By Julie Shapiro
LOWER MANHATTAN — Charles Giles was not in Washington Thursday night to watch the House of Representatives defeat the 9/11 health bill.
Giles, 42, an EMT who rushed into the North Tower shortly before it collapsed on Sept. 11, 2001, was stuck at home in New Jersey, where his failing lungs and heart keep him confined to bed.
“If I don’t get my medical care, I’m going to die,” Giles said in a phone interview Friday morning. “What happened last night is a total disgrace. Our government is totally broken."
The $7.4 billion Zadroga Act, named for fallen NYPD Detective James Zadroga who died from a 9/11-induced lung ailment, would reopen the victims’ compensation fund and provide medical monitoring and treatment for the first responders, residents, workers and students who were hurt or became ill in the aftermath of the 9/11 attacks.
The bill failed to achieve the two-thirds majority it needed to pass Thursday night, based on the special rules used to bring the measure to the floor. The 255-to-159 vote broke roughly down party lines, with most Democrats supporting the measure and most Republicans opposing it.
The House is expected to vote on the bill again this fall under different rules, when a simple majority would pass it.
But that may not come soon enough for first responders like Giles, who said he has been diagnosed with a variety of illnesses and takes 39 medications a day.
Giles said he suffered first and second-degree burns and a scratched cornea in the collapse of the North Tower, but he checked himself out of the hospital on the afternoon of Sept. 11 and returned to the site that evening. Over the next several months, he said he logged 497 hours there doing rescue and recovery work.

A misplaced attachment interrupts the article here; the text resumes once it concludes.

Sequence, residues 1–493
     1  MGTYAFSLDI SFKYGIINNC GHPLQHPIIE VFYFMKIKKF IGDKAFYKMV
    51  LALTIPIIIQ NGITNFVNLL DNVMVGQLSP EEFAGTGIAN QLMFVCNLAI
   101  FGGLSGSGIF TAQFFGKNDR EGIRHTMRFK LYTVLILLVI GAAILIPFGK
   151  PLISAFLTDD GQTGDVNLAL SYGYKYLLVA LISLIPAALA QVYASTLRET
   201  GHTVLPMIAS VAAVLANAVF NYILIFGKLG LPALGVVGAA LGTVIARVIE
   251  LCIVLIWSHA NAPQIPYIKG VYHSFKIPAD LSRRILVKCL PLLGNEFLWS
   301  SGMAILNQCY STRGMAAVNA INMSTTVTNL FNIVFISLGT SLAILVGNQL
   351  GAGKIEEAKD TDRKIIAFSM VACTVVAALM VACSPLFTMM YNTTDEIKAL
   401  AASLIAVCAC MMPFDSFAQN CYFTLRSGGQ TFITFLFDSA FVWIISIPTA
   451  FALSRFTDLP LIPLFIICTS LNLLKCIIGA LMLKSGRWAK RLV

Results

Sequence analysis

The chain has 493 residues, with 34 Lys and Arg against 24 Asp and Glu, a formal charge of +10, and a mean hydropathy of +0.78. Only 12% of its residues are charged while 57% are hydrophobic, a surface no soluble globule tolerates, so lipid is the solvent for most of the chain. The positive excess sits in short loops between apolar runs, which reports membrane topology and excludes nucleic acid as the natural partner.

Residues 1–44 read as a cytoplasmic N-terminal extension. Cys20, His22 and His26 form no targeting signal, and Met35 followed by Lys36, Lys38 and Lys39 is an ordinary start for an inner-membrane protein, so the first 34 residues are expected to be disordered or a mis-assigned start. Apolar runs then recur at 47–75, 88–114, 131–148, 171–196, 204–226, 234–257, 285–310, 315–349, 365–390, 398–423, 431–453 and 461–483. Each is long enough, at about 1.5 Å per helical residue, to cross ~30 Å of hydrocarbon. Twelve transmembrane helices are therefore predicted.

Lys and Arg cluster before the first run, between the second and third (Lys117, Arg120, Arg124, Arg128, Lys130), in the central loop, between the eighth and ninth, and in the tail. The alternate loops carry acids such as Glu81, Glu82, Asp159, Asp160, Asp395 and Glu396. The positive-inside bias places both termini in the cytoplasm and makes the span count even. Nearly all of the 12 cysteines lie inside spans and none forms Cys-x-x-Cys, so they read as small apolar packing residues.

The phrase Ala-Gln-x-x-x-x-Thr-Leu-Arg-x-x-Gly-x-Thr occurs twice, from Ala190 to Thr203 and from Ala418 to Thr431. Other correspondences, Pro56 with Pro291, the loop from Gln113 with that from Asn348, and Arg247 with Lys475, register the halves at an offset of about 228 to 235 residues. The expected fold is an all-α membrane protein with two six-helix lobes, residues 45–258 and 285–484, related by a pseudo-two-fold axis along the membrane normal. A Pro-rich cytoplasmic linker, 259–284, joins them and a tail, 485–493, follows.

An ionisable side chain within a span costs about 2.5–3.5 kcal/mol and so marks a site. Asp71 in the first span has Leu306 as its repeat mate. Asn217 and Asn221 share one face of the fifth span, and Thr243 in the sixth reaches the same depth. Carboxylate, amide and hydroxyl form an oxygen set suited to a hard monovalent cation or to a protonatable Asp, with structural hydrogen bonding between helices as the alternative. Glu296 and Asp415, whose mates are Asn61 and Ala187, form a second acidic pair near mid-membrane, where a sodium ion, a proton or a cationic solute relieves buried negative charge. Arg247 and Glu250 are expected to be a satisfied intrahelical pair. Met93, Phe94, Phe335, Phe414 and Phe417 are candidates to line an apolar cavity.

“We gave our hearts and souls on 9/11,” Giles said. “Congress doesn’t see that. All they care about is the almighty dollar.”
The House’s vote also drew censure from lower Manhattan politicians and activists Friday.
Mayor Michael Bloomberg called the vote “outrageous.” He slammed both the Republicans who voted against the bill and the Democrats who brought it to the floor under the special rules that required a two-thirds majority.
Allan Tannenbaum, a TriBeCa resident who documented first responder illnesses through a project called “9/11: Still Killing,” said he was “disgusted” with both parities.
“I’m wondering what kind of country we live in where we can’t come together and do the right thing,” Tannenbaum said. “Congress passed huge bailouts of billions of dollars to banks, and yet they can’t find a way to provide health maintenance and monitoring?"
Julie Menin, chairwoman of Community Board 1, called the vote “a slap in the face.”
“It’s unacceptable,” she said. “It’s basically akin to, ‘Drop dead, New York.’”
John Feal, a 9/11 first responder who lost half of his left foot at Ground Zero, is planning rallies this weekend in New York and this fall in Washington.
Feal said he was tired of partisan politics.
“At the end of the day, it’s the 9/11 responders who suffer,” he said.